Recent books by faculty authors
Computer Vision for Visual Effects
Richard Radke • Cambridge University Press
Modern blockbuster movies seamlessly introduce impossible characters and action into real-world settings using digital visual effects. These effects are made possible by research from the field of computer vision, the study of how to automatically understand images. Computer Vision for Visual Effects will educate students, engineers, and researchers about the fundamental computer vision principles and state-of-the-art algorithms used to create cutting-edge visual effects for movies and television.
Richard Radke, associate professor of electrical, computer, and systems engineering, describes classical computer vision algorithms used on a regular basis in Hollywood (such as blue screen matting, structure from motion, optical flow, and feature tracking) and recent developments that form the basis for future effects (such as natural image matting, multi-image compositing, image retargeting, and view synthesis). He also discusses the technologies behind motion capture and three-dimensional data acquisition. More than 200 original images demonstrating principles, algorithms, and results, along with in-depth interviews with Hollywood visual effects artists, tie the mathematical concepts to real-world filmmaking.
Engineering Problem-Solving 101: Time-Tested and Timeless Techniques
Robert Messler • McGraw-Hill Professional
Going beyond “plug-and-chug” solutions, this multidisciplinary guide explains the underlying scientific principles, provides detailed engineering analysis, and lays out versatile problem-solving methodologies.
Written by Robert Messler, professor of materials science and engineering at Rensselaer with more than 20 years of experience as a practicing engineer and numerous awards for teaching engineering, this straightforward resource fills a niche by identifying and teaching the procedures necessary to address and resolve any problem, regardless of its complexity. Engineering Problem-Solving 101: Time-Tested and Timeless Techniques contains more than 50 systematic approaches spanning all disciplines, logically organized into mathematical, physical/mechanical, visual, and conceptual categories. Strategies are reinforced with practical reference tables, technical illustrations, interesting photographs, and real-world examples.
Alternative Histories: New York Art Spaces 1960 to 2010
Edited by Mary Anne Staniszewski and Lauren Rosati • MIT Press
This book—part exhibition catalogue, part cultural history—chronicles alternative art spaces in New York City since the 1960s. Developed from an exhibition of the same name at Exit Art, Alternative Histories documents more than 130 alternative spaces, groups, and projects, and the significant contributions these organizations have made to the aesthetic and social fabric of New York City. Alternative art spaces offer sites for experimentation for artists to innovate, perform, and exhibit outside the commercial gallery-and-museum circuit. In New York City, the development of alternative spaces was almost synonymous with the rise of the contemporary art scene.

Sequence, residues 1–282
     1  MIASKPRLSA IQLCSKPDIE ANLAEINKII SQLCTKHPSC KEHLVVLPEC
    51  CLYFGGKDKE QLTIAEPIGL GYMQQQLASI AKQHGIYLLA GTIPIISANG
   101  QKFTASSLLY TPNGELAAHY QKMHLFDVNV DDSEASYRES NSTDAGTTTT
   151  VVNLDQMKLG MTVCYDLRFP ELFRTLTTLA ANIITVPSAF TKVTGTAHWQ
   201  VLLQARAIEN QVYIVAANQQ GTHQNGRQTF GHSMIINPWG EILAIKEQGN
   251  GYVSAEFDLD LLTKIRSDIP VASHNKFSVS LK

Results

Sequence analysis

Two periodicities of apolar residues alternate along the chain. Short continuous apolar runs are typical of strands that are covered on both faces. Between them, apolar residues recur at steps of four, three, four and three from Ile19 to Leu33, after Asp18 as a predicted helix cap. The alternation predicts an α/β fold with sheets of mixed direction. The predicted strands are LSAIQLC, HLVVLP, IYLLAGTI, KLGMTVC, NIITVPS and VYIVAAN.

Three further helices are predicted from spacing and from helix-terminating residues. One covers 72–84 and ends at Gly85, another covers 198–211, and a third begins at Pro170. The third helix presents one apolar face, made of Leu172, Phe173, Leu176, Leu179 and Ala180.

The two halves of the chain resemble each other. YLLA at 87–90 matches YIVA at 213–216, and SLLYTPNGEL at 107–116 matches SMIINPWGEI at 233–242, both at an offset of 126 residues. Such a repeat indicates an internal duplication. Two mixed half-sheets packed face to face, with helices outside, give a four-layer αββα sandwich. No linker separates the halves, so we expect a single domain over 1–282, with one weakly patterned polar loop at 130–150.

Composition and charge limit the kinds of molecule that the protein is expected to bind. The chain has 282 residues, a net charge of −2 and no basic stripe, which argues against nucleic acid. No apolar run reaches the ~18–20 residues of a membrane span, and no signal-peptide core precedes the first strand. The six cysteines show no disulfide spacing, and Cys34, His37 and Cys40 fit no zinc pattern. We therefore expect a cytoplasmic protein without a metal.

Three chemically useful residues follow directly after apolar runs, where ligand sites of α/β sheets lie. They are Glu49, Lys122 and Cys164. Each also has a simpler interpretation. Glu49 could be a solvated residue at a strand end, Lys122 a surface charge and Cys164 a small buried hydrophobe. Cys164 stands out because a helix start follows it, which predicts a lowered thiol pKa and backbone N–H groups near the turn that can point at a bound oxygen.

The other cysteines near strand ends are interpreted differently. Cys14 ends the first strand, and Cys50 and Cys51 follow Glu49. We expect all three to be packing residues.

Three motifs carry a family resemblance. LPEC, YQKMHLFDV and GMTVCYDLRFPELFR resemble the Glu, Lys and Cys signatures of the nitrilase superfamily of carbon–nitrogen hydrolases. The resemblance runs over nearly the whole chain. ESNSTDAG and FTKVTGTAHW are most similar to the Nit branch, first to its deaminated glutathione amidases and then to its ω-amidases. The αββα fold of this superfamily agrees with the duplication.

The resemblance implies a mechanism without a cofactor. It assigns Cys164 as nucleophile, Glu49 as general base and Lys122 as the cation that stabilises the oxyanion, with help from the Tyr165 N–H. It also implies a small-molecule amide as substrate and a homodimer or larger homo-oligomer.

Through interviews, photographs, essays, and archival material, Alternative Histories tells the story of such famous sites and organizations as Judson Memorial Church, Anthology Film Archives, A.I.R. Gallery, El Museo del Barrio, Franklin Furnace, and Eyebeam, as well as many less well-known sites and organizations. Essays by the exhibition curators and scholars, and excerpts of interviews with alternative space founders and staff, provide cultural and historical context. Mary Anne Staniszewski is professor and acting head of the arts department.
Multispectral Satellite Image Understanding: From Land Classification to Building and Road Detection
(Advances in Computer Vision and Pattern Recognition)
Cem Ünsalan and Kim Boyer • Springer
This book presents a comprehensive review of image processing methods, for the analysis of land use in residential areas. Combining a theoretical framework with highly practical applications, the book describes a system for the effective detection of single houses and streets in very high resolution. This pioneering work on automated satellite and aerial image-understanding systems will be of interest to researchers in both remote sensing and computer vision, highlighting the benefit of interdisciplinary collaboration between the two communities.
Cem Ünsalan is an associate professor in the Department of Electrical and Electronics Engineering at Yeditepe University, Istanbul, Turkey. Kim Boyer is professor and dead of the Department of Electrical, Computer, and Systems Engineering at Rensselaer.